‘Some day the war will be over and we shall meet again – or we shall meet if we can bear to face the chairs that will stand empty.’
Rev J H Hopkinson –Hulme Hall Warden 1905–1914 writing in January 1916 to the Hulme Hall community
Established in 1870 as a Church of England Hall of Residence for students of Owens College, Manchester, Hulme Hall has grown and adapted to meet the changing face of university life in Manchester over the past 147 years.
The Hulme Hall community faced its biggest examination throughout the First World War. 250 students and staff of Hulme Hall served in the armed forces between 1914 and 1919. This figure accounts for over 50% of the total number of students who passed through the Hall after it reopened in 1887.
Forty did not return home.
The first to be killed was Second Lieutenant Wilfred Trevelyan who was hit by shrapnel whilst repairing a support trench near Ypres in May 1915. The last was Major Ernest Cunliffe who passed away in the Lake District in March 1919 after contracting an illness whilst serving at Military hospitals in Manchester and France.
Very few books focus on the life and times of a particular hall of residence during the First World War. Piecing together never before published letters, photographs and documents, Chairs that Stand Empty captures the characters and heart-breaking stories behind the names on the Hulme Hall War Memorial. Stories such as those of;
Charles Hamilton Murray Chapman; whose family posthumously published the children’s book he had painstakingly written and illustrated before the start of the war.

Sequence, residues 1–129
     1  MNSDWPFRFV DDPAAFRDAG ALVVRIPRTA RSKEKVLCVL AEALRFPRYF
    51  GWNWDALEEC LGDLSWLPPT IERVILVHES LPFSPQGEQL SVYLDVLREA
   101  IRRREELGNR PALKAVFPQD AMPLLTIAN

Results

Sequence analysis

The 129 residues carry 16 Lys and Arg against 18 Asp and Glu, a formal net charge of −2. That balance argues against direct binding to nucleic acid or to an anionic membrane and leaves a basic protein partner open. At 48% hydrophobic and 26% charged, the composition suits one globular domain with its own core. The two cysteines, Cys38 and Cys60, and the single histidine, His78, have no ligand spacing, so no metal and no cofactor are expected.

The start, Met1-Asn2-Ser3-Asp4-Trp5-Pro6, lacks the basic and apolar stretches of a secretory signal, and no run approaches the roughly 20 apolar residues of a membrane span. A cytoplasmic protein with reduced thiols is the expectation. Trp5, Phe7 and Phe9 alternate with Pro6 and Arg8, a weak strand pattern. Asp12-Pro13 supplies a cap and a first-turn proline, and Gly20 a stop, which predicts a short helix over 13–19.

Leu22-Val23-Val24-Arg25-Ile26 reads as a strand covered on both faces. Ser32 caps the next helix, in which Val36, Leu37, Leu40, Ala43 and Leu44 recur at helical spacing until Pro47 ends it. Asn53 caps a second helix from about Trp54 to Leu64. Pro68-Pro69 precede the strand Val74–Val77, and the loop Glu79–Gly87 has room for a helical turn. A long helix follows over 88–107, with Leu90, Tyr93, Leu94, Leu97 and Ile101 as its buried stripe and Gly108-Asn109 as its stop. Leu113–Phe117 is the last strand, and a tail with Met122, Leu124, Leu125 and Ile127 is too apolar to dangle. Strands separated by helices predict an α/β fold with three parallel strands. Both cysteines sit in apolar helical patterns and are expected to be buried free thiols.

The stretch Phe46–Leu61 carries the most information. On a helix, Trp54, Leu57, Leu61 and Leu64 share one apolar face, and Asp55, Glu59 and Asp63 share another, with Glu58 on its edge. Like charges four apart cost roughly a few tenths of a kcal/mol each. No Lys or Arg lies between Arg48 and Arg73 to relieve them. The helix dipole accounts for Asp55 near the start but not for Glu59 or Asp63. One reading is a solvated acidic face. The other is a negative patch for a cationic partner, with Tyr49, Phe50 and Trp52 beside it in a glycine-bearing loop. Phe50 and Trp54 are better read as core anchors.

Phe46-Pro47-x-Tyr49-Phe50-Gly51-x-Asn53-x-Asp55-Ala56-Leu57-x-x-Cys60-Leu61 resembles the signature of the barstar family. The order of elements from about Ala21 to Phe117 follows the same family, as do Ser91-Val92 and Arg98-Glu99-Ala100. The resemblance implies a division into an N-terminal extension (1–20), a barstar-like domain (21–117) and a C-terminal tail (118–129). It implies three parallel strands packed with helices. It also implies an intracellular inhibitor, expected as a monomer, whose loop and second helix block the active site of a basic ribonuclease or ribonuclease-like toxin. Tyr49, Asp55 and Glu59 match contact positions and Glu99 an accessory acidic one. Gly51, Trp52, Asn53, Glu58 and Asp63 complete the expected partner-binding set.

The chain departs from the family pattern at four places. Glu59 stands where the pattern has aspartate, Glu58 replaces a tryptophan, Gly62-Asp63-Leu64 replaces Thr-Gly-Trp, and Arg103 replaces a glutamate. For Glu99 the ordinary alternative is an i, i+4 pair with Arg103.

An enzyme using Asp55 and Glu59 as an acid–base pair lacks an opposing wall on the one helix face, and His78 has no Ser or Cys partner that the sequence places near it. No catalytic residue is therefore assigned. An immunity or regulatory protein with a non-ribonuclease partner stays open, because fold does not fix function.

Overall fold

Friends Wilfred Treveylan and James Henderson; who went off to war together in 1915. Wilfred was killed shortly after arriving in France whilst James went to on win the Military Cross only days later when fighting desperately against wave after wave of enemy attacks.
Robert Bedford; who wrote vividly of his time in Gallipoli, Sinai and finally France; particularly touching is his record of seeing bodies his friends lying in the Gallipoli heat after failed attacks in August 1915.
Harold Swift’s wife, Muriel; who discovered the heartbreaking news her husband had died a month after his death when reading the casualty lists published in the Australian press.
Arthur Lord; who fought overseas underage. Wounded twice and prompted to Captain by the age of 19, he twice lied about his age on his medical board forms to avoid questions back in England.
Kenneth Barry; who reluctantly gave up his studies to enlist. He was hoping the war would soon be over so he could continue at Hulme Hall. He never returned.